A discussion on Reddit involving Google Search Advocate John Mueller offers guidance on optimizing website performance and highlights the challenges of improving scores on Google’s PageSpeed Insights (PSI) tool.
In a recent thread, a user asked for guidance after significantly reducing image and video file sizes did not lead to better PSI scores as expected. The user said they had compressed images by 90% and videos by 80% but saw no change in how PSI graded their site’s speed.
For context, PSI is a free service Google provides to evaluate the loading speeds of submitted web pages. It analyzes elements, including images, scripts, and code, to generate a score from 0 to 100 and provide recommendations on boosting performance.
With page speed being a concern for search engine optimization (SEO) and user experience, achieving a high PSI score is a priority for many people working on websites.
Beyond reducing image file sizes so they load faster, here’s what Mueller recommends to improve your score.
Mueller’s PSI Optimization Tips
To improve PSI scores, Mueller first recommends conducting a test to determine the impact of individual elements on your website.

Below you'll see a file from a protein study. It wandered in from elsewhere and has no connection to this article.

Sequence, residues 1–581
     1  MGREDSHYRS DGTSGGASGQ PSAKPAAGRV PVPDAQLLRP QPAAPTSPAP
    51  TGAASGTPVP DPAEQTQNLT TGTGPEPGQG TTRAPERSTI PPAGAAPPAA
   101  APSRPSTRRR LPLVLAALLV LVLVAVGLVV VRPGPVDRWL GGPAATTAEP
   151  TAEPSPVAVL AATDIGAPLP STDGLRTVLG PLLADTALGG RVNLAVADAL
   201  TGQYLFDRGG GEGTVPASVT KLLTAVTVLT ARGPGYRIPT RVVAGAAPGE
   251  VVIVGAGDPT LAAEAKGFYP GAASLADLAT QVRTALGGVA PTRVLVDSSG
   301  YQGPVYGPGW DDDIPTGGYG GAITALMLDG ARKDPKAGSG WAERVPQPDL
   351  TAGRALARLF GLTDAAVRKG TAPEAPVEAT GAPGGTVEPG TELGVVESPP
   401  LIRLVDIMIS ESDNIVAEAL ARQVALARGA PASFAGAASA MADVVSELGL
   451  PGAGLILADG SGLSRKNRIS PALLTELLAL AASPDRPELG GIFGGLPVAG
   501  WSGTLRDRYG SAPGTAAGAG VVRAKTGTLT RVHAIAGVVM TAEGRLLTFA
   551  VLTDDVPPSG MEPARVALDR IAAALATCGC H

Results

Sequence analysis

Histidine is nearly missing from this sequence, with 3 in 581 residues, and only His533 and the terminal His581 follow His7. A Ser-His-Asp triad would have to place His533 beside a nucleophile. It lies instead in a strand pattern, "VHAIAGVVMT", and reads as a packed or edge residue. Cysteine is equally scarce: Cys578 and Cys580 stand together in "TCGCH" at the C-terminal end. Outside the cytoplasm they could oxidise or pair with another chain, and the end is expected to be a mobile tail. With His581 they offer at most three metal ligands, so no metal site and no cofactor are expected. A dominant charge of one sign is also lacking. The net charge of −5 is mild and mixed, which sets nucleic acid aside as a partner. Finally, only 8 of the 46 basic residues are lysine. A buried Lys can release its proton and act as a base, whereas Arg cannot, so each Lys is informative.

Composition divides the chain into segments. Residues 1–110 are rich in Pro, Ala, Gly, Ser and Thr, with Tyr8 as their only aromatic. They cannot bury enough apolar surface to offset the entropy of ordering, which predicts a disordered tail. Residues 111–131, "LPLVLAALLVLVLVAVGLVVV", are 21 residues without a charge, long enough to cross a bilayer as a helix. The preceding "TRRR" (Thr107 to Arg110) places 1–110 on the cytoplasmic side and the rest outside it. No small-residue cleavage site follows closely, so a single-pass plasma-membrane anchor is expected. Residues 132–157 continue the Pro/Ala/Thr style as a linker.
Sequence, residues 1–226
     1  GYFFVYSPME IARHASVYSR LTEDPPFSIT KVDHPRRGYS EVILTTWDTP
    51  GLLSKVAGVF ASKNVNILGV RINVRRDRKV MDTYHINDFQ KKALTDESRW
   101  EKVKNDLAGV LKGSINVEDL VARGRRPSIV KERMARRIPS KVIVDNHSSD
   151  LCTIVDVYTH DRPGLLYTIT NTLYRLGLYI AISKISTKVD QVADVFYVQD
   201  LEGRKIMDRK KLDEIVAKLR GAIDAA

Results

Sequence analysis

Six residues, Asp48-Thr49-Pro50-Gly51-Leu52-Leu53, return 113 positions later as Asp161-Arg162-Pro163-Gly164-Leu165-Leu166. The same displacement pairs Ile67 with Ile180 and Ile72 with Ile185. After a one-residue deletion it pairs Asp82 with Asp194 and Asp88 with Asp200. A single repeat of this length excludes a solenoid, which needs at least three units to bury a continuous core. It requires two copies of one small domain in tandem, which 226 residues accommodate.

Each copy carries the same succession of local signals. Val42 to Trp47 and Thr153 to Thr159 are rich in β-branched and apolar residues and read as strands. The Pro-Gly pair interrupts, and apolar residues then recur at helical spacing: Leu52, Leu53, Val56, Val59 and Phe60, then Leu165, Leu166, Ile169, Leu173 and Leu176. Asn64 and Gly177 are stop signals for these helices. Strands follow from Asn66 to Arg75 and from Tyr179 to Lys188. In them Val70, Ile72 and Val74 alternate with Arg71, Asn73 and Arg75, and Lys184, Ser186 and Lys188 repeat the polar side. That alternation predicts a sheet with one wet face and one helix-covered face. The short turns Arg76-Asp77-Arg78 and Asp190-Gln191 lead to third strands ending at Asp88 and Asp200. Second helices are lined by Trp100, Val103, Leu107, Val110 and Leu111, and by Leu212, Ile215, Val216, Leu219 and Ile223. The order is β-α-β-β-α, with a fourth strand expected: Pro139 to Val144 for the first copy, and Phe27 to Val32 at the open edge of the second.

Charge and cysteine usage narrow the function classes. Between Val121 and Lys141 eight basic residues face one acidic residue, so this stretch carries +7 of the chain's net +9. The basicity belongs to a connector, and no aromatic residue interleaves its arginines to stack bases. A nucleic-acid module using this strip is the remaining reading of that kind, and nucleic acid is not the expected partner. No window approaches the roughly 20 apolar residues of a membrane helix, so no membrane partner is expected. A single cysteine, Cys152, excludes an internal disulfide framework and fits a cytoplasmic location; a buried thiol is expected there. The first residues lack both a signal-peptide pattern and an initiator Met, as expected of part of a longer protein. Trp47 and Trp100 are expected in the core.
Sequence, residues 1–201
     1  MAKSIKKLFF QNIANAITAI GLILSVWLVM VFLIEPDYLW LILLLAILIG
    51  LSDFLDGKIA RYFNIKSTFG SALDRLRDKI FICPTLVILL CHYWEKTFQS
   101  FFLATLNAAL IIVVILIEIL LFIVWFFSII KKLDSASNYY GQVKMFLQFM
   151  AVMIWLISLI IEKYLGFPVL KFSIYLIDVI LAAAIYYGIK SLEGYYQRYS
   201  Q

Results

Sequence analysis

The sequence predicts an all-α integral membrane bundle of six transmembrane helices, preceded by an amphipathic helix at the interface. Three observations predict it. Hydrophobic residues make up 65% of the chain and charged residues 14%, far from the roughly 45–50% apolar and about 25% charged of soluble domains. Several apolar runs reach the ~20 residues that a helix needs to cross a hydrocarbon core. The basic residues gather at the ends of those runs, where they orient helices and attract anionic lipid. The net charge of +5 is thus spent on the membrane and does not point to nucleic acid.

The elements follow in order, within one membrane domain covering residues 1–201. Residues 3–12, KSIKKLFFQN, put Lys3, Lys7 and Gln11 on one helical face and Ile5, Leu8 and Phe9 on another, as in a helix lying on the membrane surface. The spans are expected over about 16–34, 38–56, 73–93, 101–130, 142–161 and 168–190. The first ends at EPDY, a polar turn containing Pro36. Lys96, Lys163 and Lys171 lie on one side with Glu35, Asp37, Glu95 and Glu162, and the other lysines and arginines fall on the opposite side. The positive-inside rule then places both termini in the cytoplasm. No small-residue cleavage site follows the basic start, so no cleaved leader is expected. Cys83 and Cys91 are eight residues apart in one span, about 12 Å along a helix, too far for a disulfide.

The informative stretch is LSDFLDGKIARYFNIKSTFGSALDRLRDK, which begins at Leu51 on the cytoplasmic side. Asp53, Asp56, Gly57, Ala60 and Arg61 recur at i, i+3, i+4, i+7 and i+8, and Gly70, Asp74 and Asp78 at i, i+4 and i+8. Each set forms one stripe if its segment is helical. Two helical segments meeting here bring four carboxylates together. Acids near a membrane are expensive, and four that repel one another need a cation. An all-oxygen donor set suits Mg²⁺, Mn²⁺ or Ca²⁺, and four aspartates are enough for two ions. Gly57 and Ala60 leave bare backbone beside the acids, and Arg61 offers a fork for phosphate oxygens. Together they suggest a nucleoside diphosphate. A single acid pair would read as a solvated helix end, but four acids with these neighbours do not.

He explains that you can temporarily place one component, like an image or video, on a noindex page excluded from search results.
“What I usually do when I work on things like that is to simplify things on a noindex’ed test page as much as possible. Just include one of the elements that you’re worried about, and try things out there. That way, you can isolate specific changes and determine their individual effects, before you do everything together.”
This controlled experiment could show performance gains from compressed files before applying changes across a website.
Mueller explained that this indicates other limiting factors beyond images and videos if your test page doesn’t return the same score as your live pages.
In this case, Mueller advised selectively removing already-optimized elements from a copy of the actual page to focus on enhancements for the remaining issues.
“If you find that the combined page doesn’t react the way your test pages did, then there are other things on that page which are the limiting factors, meaning your test pages didn’t fully reflect the actual page (in which case, make a copy of the actual page, remove the things you already optimized, and then try things out on the rest there).”
Lastly, Mueller noted that scores may already be acceptable for the site.
If page speed is within “reasonable” parameters, extensive additional work may not be required. However, Mueller doesn’t give any indication of what the parameters are.
Optimizing website performance can require incremental testing and lots of patience.
When aiming to improve PageSpeed Insights scores, try isolating webpage elements to evaluate their effect before applying the changes sitewide.
With the right strategies tailored to each website’s needs, getting and keeping your scores in the green is possible.
Featured Image: BestForBest/Shutterstock